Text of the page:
It’s NOT About Trump — It’s All About Us

Folks! It’s not about Trump! It’s about us! We, the people hold primary blame for the challenges facing our country! After reading an article by Skip Bacevish (one of my husband’s classmates), I considered Skip’s words, “The individual inhabiting the White House has become the preeminent symbol of who we are and what we represent as a nation and a people.” Rather than attributing the state of the union to Donald, we must look within for our own causes and cures.

Fans of Trump as well as those of us who worry about him share an important common flaw in our thinking. We all tend to allot more power to Trump than we rightfully should. Those who adore Trump firmly believe he is the savior who will fix America — “Make America great again.” Those of us who distrust Trump wag our fingers dismally as we blame him and his cronies for the problems we face.

Bacevish believes we must own responsibility. What a thought! Much easier to yell OR cheer at the television rendition of Trump’s latest behaviors. Much easier to blame someone else than to ask, “What part do I play in this?” Before we can identify our roles in seeking solutions, we must attempt to understand our differences. Please join me in considering one of the many issues we face today: immigration.

  1. What do folks fear? Those who fear immigrants rightfully feel terrorized by atrocious events happening around the world as well as in our own country. Due to the fact that some of the terrorists have origins or ties to Middle Eastern countries, they get assigned blame. By preventing Muslims from entering, and by restricting their presence in the United States, those who live in fear hope to experience the peace of greater safety.
  2. Why do some Americans accept immigrants? All of us want to live safely. Yet those who welcome immigrants tend to experience limited caution without gnawing fear. For example, I want stringent vetting for all who enter our country. I trust that almost everyone who comes to America arrives for the same reason our own ancestors landed here: to find a better way to live. In addition, I believe that when we extend kindness, we usually get compassionate treatment in return. Naive? Yes. However, I would rather live in trust than in terror. I first want to extend a hand of friendship.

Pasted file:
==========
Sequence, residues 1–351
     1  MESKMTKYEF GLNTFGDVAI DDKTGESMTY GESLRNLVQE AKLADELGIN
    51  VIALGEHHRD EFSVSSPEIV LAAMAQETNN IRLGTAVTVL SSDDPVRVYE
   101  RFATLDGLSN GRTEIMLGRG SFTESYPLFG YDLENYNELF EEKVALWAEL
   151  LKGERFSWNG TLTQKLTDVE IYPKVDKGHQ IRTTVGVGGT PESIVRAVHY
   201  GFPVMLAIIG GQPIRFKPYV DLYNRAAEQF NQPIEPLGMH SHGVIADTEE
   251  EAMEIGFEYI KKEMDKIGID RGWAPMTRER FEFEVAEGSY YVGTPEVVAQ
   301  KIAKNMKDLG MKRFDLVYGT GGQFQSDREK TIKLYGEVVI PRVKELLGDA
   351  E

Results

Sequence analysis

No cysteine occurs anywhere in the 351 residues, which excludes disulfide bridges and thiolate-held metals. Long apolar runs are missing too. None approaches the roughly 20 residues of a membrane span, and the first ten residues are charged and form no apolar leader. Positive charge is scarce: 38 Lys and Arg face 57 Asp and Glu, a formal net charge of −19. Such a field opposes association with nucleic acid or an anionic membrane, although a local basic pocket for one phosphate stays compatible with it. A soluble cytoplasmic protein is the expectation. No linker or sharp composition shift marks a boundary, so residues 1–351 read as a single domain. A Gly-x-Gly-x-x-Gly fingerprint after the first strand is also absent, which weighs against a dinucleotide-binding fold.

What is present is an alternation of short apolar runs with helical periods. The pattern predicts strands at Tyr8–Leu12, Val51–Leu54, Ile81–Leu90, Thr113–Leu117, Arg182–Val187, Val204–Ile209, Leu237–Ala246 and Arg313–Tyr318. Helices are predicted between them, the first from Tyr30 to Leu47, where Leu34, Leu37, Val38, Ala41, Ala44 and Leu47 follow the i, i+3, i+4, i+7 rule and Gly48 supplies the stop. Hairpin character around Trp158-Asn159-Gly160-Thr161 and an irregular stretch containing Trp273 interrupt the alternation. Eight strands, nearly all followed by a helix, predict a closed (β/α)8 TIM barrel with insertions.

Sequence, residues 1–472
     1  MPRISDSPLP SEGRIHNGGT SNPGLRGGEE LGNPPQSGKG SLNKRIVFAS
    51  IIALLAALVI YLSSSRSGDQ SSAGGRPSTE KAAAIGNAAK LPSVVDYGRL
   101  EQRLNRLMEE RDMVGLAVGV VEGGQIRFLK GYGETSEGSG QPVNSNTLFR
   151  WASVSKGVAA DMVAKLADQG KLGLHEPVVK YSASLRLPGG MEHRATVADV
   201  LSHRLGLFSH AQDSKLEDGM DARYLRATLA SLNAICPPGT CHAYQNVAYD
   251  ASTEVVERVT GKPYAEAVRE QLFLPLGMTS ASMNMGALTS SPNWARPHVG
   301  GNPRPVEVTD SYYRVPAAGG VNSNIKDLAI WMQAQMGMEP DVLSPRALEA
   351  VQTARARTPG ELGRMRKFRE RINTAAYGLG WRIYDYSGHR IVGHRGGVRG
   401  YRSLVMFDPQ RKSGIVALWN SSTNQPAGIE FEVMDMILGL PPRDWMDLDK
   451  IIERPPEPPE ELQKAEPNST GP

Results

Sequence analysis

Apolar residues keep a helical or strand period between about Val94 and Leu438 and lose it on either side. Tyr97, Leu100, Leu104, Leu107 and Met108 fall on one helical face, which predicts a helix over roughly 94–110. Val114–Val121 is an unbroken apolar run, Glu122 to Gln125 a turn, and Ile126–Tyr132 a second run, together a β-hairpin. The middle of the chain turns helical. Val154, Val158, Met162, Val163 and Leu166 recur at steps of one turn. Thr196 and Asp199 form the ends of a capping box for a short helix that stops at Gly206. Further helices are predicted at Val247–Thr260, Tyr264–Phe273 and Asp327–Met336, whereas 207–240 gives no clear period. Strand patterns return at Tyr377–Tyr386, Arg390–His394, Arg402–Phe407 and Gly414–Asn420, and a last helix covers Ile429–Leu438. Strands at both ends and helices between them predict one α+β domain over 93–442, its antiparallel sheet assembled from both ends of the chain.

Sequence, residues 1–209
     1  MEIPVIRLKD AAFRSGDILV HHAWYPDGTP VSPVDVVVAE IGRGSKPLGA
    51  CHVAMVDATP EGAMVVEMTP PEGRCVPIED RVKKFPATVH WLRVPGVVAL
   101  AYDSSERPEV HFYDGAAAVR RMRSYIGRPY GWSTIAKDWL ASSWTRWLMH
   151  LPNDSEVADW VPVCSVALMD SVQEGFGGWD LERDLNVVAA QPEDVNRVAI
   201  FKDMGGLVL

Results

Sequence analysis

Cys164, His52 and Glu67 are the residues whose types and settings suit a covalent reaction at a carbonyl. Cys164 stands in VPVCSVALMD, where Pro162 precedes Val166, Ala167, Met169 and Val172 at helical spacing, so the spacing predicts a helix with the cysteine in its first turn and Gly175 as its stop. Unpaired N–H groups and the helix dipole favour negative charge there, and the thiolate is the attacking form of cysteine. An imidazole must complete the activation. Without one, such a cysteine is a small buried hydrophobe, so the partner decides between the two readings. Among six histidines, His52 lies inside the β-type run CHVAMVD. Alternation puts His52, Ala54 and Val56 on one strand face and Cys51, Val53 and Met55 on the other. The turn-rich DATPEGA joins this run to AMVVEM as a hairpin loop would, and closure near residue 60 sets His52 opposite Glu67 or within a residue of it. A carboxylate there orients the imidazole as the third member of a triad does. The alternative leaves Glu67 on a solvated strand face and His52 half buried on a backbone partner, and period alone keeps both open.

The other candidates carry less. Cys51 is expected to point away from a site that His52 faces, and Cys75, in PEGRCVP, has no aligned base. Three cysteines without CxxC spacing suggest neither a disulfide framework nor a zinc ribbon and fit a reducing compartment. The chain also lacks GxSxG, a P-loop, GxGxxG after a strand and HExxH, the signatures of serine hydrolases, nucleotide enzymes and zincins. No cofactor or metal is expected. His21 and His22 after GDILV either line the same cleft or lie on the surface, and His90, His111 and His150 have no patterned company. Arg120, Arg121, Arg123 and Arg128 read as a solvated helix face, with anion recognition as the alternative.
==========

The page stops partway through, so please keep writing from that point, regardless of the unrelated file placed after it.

3. Are mutually acceptable solutions possible? Can we find a common ground? Even as we share a collective desire for physical safety, I believe most of us also want to uphold human dignity. What might help fearful citizens feel a little more relaxed? Can those of us who welcome immigrants demonstrate common sense about the issue? What would the situation look like if we integrated both ends of the spectrum?
  • Would detailed explanations of the vetting process help relieve some fears?
  • Instead of forcing immigrants to live in isolation, would community meetings with police, neighboring citizens, and new immigrants build understanding and a measure of trust?
  • Could community be established if we deported immigrants with criminal behaviors while accepting those with minimal or no offences?
  • What realistic behaviors might we expect of immigrants in order for them to live without constant fear of deportation? Education? Actions toward citizenship? Beginning attempts at learning English?

While realizing that many fears remain unrecognized and most solutions unaddressed, I end with my personal views.

  • First of all I believe that immigrants formed this nation. Where would each of us live today without our own immigrant ancestors?
  • Our founding fathers wrote freedom of religion into our constitution. Freedom means the right to follow any religion or to accept none at all. This means much more than simply freedom to claim Christianity.
  • I also believe that we do not need to fear a take-over by any ethnic group. This land has always been filled with bold adventurous individuals who would not be swayed easily into self-destruction.
  • Our nation faces a shortage of workers. Before we can consider building our national economy, we must accept that in many cases we actually need immigrants to fill empty positions.
  • As a citizen, I want to follow the law. However, some of the local interpretations fall short of the original intent of our constitution. When faced with whether or not to assist individual refugees or immigrants, I agree with Jim Rigby who believes we must weigh a “crisis of conscious”.
  • I choose to believe in the inherit goodness of most individuals.

Skip Bacevich’s analysis might be correct. Maybe the solutions lie within us, the American citizens rather than the Trump presidency. Instead of promoting hatred and division among our own citizens, we can insist on communication toward solutions. God bless America. We, the citizens must now be the instruments through which healing can happen. I hope we rise to the need.

Work Cited:

Bacevich, Andrew J. “Trump Is Not the Problem.” The Nation. August 8, 2017.